REICHARD: Ok, moving on now to another song that gave quite a few of you a good laugh. We’ll let listener Caleb Moan explain.

MOAN: Good morning! Long-time listener, first-time caller. Just finished the Culture Friday special episode with Dr. Al Mohler. And I must say, the outro music really brought a smile to my face, going back to a classic song that I’ve enjoyed, “You can call me Al.” Thank you so much for the work you guys do, and just giving me a little chuckle at 5:45 in the dark as I drive to work in the morning. Thank you so much, I really appreciate all you guys do.

EICHER: Ah, yes. One of my favorites. Just seemed like the right thing to do to lighten things up a little bit. 

REICHARD: Turns out Nick was on a roll this month.

SKELTON: Hey, this is Makayla Skelton. I listen in Hickory, North Carolina. I wanted to give a shout out to Nick Eicher for his well-placed Ted Lasso quote in his bit about pronouncing names on Friday. I heard it. I appreciated it. Well Done. Merry Christmas guys.

EICHER: Couldn’t resist. I should point out, it was a little Ted Lasso imitating Allen Iverson’s hilarious moment with the press after his coach called him out for missing practice. In that exchange that lasted maybe 2 minutes, the superstar used the word “practice” 22 times. It went a little like this.

IVERSON: I know it’s important. I do. I honestly do. But we’re talking about practice, man. What are we talking about? Practice? We’re talking about practice, man. [Laughter] We’re talking about practice. We’re talking about practice. We ain’t talking about the game. We’re talking about practice, man.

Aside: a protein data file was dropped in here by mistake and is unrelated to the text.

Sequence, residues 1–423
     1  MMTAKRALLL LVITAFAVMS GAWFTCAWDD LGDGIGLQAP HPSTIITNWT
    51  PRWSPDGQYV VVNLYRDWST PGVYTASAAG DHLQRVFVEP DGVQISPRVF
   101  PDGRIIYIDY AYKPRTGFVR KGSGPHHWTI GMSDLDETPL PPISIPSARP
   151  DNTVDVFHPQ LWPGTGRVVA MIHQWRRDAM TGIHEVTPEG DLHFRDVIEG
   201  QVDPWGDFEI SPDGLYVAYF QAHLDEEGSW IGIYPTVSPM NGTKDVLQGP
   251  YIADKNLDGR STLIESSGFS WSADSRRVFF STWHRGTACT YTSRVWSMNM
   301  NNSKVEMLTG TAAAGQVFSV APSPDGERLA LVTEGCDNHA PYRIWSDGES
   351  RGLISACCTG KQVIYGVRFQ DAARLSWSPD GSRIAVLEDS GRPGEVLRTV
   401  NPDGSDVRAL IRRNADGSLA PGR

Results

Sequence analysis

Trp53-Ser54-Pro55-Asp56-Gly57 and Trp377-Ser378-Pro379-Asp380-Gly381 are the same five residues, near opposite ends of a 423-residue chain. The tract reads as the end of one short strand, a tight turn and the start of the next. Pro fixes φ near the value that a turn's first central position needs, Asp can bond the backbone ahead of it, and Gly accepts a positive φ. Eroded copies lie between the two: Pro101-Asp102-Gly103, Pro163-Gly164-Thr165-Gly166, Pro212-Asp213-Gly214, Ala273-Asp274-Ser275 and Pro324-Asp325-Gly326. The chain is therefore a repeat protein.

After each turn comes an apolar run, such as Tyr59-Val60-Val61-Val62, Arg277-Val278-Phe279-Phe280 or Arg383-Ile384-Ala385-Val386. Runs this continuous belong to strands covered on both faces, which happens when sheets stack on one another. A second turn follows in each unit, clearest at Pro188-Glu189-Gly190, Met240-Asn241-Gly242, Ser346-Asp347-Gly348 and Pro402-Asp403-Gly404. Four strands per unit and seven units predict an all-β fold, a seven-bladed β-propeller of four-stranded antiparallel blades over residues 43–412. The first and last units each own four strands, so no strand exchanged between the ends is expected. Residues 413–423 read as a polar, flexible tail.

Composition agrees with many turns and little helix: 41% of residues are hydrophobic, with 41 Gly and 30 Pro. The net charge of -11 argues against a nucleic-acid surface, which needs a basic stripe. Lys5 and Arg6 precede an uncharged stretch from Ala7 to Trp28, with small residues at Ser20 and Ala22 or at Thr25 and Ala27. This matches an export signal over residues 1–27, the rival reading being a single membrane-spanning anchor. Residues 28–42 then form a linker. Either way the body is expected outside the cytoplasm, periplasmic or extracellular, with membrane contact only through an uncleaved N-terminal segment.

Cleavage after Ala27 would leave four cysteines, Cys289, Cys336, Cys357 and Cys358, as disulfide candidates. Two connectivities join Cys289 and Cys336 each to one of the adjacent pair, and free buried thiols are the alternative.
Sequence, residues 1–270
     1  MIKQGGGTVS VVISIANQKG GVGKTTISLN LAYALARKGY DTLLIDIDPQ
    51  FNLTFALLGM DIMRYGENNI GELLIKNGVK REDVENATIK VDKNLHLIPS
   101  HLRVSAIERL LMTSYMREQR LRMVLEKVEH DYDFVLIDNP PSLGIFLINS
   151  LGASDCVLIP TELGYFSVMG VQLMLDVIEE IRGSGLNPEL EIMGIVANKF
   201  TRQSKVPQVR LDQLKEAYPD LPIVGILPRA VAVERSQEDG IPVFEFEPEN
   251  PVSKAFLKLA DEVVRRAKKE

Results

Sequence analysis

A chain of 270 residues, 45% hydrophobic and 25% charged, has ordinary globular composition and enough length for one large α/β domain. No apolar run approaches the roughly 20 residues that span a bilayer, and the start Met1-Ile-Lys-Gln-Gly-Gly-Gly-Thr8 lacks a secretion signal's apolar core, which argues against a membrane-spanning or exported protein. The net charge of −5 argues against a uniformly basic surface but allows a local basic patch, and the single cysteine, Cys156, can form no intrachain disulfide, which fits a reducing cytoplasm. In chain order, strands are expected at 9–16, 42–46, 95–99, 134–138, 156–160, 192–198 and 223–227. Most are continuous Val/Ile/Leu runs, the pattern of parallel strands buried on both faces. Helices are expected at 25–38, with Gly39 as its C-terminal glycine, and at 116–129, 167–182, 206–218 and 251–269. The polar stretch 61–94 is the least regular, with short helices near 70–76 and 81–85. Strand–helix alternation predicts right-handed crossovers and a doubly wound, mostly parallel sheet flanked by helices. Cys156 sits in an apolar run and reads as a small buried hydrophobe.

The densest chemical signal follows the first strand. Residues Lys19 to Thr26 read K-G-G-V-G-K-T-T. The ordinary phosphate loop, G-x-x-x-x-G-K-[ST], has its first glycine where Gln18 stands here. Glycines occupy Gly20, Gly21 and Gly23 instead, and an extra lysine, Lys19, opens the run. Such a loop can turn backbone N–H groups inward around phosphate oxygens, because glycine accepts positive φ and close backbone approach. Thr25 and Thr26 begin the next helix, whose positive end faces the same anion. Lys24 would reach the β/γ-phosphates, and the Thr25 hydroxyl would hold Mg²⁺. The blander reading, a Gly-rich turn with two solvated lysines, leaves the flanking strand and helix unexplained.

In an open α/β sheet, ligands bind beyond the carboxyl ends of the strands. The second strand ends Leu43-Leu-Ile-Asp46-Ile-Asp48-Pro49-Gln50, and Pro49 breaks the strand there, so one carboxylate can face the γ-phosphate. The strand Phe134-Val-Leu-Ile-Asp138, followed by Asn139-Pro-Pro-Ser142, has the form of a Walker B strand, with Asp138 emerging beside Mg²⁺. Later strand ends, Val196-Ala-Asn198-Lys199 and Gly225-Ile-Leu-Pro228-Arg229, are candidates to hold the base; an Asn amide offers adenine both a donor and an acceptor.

OK, got it? We’re talking about practice.

REICHARD: Don’t you mean the game? Ah, never mind. Now, we get all kinds of feedback. Kudos, criticism, and sometimes story suggestions or requests, like this one:

PETERSON: Hi Nick and Mary. My name’s Ethan and I’m from Osage, Iowa. I’m 13. I enjoy listening to your program every morning, and watching The Big Bash. I enjoyed the story about the Cuban-American pastor. And I was wondering if you could do a story about a Japanese-American after Pearl Harbor bombing. Love your show! Thanks.

EICHER: Well, Ethan, that is a great suggestion! And next year is the 80th anniversary of Pearl Harbor, so we’ll see what we can do.

REICHARD: Next we have a call from listener Tim Cox. He had a few specific questions, and we’ll answer those for him via email. But here’s how he started:

COX: I just got done giving to your December giving drive. And God bless you in that. I hope you reach the goal before the end of December.

EICHER: Well, Tim, we did! Thanks to you and so many, many thousands just like you. We still have to get a final score on this, and that’ll take several days because sometimes contributions come in by mail later on. But we know at this point we have shattered that goal. YOU have shattered that goal and that’s only going to help us do more of the journalism that you have come to rely on. So thank you for your generosity. 

REICHARD: And one final word of thanks. We greatly appreciate all of you who sent in Scripture readings for our Christmas week programs. That was a special way to end each day, and we couldn’t have done that without you, either! And that is our feedback for this week!


NICK EICHER, HOST: So many hardworking folks kept the program coming each day this week, juggling work with Christmas and New Year’s. So heartfelt thanks to Mryna Brown, Paul Butler, Kent Covington, Jamie Dean, Kristen Flavin, Katie Gaultney, Kim Henderson, Leigh Jones, Jill Nelson, Onize Ohikere, Jenny Rough, Les Sillars, and Emily Whitten.

MARY REICHARD, HOST: Our audio engineers Johnny Franklin and Carl Peetz stay up late to get the program to you early. Paul Butler is executive producer and Marvin Olasky is editor in chief.

They who wait for the Lord shall renew their strength;  they shall mount up with wings like eagles; they shall run and not be weary; they will walk and not be faint.

Happy New Year!


WORLD Radio transcripts are created on a rush deadline. This text may not be in its final form and may be updated or revised in the future. Accuracy and availability may vary. The authoritative record of WORLD Radio programming is the audio record.